Which brings me to my next gripe. The Wild Eight (rubbish title, by the way, but maybe it's funnier in the original Russian) was clearly abandoned. It happens to early-access titles by small teams all the time. That's fine. We get it. It sounds like it was a bad situation at the developer that caused the publisher to step in and take over, promising to continue as planned. That's worrying, but it could work. The publisher, HypeTrain Digital, continued to promise that there'd be new content, though, and removed the game from Early Access, got those Day One sales on October 3rd 2019, and released a flurry of bug fixes, with the last one on October 19th. Sixteen days after PC release, as far as I've been able to work out, they disappeared, leaving the game at version 1.0.13. That's it. Leaving an unfinished game full of bugs with a $20 price tag. Then nothing. Until a PS4 release on October 27 2020, more than a year later. And an Xbox One release last month. Gotta get more release-day sales, after all. And all this time not a single update for the PC version, with the Steam news feed for the game only used to advertise their other titles. Frankly, that's no way to treat your customers (many of whom backed the kickstarter that funded the original development), it's transparently exploitative and shows how little you care about the customer after you've sold them on an admittedly shiny trailer, and if I ever actually bought games I'd absolutely be refusing to buy another title from HypeTrain Digital. 

It makes me wonder. What are Humble doing promoting and distributing a game with this sort of track record? Why are Humble, a company that talks up their contributions to charity and their support of 'awesome' games, sullying their reputation promoting a publisher that are just in it for a quick buck? I know it's absurd to expect a big corporation to care about such things, and I know I'm just an old man yelling at cloud for all the good it will do, but I, for one, would much prefer a smaller bundle of better-quality games from developers that actually care about their product and their customers, and for Humble not to put their backing behind publishers that don't deserve to have their game in my library.

Killed out of the blue just as I was setting out from home. Seems appropriate.

Some quick numbers

  • Time played: 3.6 hours
  • Trees punched: 16
  • Polar bears butchered: 2
  • Player deaths: 5
  • Rating: 6 jars of chilled peanut butter out of 10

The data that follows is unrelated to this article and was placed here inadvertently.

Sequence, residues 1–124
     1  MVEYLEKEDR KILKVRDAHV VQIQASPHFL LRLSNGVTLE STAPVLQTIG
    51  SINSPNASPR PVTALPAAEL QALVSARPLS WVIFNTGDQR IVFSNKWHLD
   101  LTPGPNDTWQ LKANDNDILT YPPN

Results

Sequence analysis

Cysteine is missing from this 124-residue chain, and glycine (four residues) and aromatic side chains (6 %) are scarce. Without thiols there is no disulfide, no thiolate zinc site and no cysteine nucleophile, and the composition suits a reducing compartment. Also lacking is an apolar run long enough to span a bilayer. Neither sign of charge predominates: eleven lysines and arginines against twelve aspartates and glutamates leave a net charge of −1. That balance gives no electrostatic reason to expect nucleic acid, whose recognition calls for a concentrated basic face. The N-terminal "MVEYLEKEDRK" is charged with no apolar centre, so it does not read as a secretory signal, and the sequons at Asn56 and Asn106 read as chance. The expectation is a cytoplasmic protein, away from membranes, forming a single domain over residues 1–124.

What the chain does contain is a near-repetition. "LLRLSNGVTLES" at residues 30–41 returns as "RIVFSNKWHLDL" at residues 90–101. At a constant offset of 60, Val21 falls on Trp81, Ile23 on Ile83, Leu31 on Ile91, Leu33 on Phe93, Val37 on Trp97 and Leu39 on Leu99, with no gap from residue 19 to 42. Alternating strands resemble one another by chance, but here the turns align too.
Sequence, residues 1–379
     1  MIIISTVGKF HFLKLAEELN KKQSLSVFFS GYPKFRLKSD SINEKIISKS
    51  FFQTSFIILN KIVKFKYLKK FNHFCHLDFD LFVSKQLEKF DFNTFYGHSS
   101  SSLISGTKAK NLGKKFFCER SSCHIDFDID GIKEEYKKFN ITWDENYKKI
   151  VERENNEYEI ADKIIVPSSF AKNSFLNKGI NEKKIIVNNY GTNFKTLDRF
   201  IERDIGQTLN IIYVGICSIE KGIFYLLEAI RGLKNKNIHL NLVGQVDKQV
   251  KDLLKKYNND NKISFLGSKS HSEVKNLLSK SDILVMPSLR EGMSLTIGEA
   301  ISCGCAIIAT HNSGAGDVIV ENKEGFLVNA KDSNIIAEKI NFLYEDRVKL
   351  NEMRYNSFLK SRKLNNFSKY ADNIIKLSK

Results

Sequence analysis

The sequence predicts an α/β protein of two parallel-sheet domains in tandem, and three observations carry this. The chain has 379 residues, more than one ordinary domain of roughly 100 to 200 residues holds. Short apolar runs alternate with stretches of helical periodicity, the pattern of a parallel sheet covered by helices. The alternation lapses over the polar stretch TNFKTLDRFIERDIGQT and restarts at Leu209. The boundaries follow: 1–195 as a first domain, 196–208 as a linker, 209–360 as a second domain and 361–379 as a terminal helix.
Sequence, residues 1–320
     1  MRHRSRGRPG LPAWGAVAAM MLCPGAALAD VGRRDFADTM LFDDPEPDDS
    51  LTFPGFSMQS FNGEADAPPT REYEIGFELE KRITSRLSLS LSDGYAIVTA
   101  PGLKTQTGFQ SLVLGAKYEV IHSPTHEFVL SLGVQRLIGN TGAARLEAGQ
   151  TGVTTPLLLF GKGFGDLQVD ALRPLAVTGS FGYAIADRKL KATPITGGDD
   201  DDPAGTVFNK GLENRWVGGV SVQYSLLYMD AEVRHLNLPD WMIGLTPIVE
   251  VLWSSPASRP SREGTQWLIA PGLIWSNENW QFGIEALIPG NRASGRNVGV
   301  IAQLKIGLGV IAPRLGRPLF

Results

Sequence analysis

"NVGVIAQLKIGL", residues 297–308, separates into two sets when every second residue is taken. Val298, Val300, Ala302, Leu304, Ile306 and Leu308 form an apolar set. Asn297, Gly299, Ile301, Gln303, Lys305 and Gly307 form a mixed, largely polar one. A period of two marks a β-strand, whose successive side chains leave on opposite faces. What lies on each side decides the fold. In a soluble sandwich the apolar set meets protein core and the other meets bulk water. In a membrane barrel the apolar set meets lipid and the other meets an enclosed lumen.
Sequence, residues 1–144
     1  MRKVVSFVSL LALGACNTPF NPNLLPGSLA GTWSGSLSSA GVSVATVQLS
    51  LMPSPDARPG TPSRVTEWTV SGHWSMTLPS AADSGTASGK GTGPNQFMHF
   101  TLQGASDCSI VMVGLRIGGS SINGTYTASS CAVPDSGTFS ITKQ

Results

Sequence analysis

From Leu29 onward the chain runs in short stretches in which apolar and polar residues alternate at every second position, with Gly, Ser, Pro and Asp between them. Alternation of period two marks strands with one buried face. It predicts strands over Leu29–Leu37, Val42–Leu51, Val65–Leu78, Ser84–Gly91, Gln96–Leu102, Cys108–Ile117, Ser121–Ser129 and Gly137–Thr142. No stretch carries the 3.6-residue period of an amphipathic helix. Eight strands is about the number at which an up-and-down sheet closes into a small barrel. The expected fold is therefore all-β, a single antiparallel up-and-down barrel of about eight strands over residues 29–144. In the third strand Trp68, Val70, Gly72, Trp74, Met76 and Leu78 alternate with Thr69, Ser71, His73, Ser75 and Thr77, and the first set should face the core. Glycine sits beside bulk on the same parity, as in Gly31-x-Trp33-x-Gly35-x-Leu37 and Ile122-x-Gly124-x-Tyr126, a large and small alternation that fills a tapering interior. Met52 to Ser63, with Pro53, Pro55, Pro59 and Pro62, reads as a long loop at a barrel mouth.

The rankings so far

Well, that was quite a rant, wasn't it? Sorry about that. Time to rank the games, and despite all my complaints, when it comes down to sheer personal enjoyment, this is definitely going above Valfaris. It's just that that enjoyment comes with a sense of frustration over what could have been. If the developer ever releases the rights to allow fans to build something actually good out of this, I'd probably play the hell out of it.

  1. The Wild Eight 
  2. Valfaris
On to the next one then. The next dice roll is ... 7 - Train Station Renovation?


James Picone said...

You might enjoy Subnautica. There's story, the game is finished, and just generally I find it all works really well. Also low-key accidental horror game because the oceans are terrifying

Unwiseowl said...

JP! Good to hear you're about, my friend, it has been too long! Not the first time I've had that recommendation, so I really ought to pick it up some time. Low accidental horror is just about as much horror as I can handle.

Naithin said...

Subnautica is indeed pretty excellent. :) I've just recently picked up the sequel given it is now story complete and not too far from releasing out of early access, but haven't yet spent enough time with it to form an opinion yet.

As for this game- yeah! It came to my attention even slightly before this humble bundle as the developers are starting to advertise their next game. A very Division-looking survival shooter, and the red flag was raised about their dropping of this game unfinished with other experience only really sitting in the mobile game arena.

Seems even more of a shame now though that it seems that what's on offer is quite a promising base of a game that could've been so much more. :(